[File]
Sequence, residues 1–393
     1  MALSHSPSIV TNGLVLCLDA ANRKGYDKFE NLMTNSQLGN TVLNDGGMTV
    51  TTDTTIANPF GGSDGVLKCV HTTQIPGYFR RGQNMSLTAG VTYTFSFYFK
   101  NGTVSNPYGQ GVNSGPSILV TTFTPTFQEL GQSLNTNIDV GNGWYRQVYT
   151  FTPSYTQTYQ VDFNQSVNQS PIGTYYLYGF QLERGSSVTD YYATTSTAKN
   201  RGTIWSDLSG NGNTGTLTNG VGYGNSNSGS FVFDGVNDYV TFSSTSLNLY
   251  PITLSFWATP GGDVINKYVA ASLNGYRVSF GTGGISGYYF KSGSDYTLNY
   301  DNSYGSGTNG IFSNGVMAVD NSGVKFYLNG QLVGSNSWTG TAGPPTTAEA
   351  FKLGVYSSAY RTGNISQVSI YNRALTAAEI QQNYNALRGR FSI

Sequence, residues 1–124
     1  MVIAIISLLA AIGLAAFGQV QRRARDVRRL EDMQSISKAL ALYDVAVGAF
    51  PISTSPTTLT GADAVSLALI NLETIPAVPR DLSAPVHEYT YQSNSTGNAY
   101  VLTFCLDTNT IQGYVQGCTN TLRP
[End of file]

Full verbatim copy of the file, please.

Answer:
Sequence, residues 1–393
     1  MALSHSPSIV TNGLVLCLDA ANRKGYDKFE NLMTNSQLGN TVLNDGGMTV
    51  TTDTTIANPF GGSDGVLKCV HTTQIPGYFR RGQNMSLTAG VTYTFSFYFK
   101  NGTVSNPYGQ GVNSGPSILV TTFTPTFQEL GQSLNTNIDV GNGWYRQVYT
   151  FTPSYTQTYQ VDFNQSVNQS PIGTYYLYGF QLERGSSVTD YYATTSTAKN
   201  RGTIWSDLSG NGNTGTLTNG VGYGNSNSGS FVFDGVNDYV TFSSTSLNLY
   251  PITLSFWATP GGDVINKYVA ASLNGYRVSF GTGGISGYYF KSGSDYTLNY
   301  DNSYGSGTNG IFSNGVMAVD NSGVKFYLNG QLVGSNSWTG TAGPPTTAEA
   351  FKLGVYSSAY RTGNISQVSI YNRALTAAEI QQNYNALRGR FSI

Sequence, residues 1–124
     1  MVIAIISLLA AIGLAAFGQV QRRARDVRRL EDMQSISKAL ALYDVAVGAF
    51  PISTSPTTLT GADAVSLALI NLETIPAVPR DLSAPVHEYT YQSNSTGNAY
   101  VLTFCLDTNT IQGYVQGCTN TLRP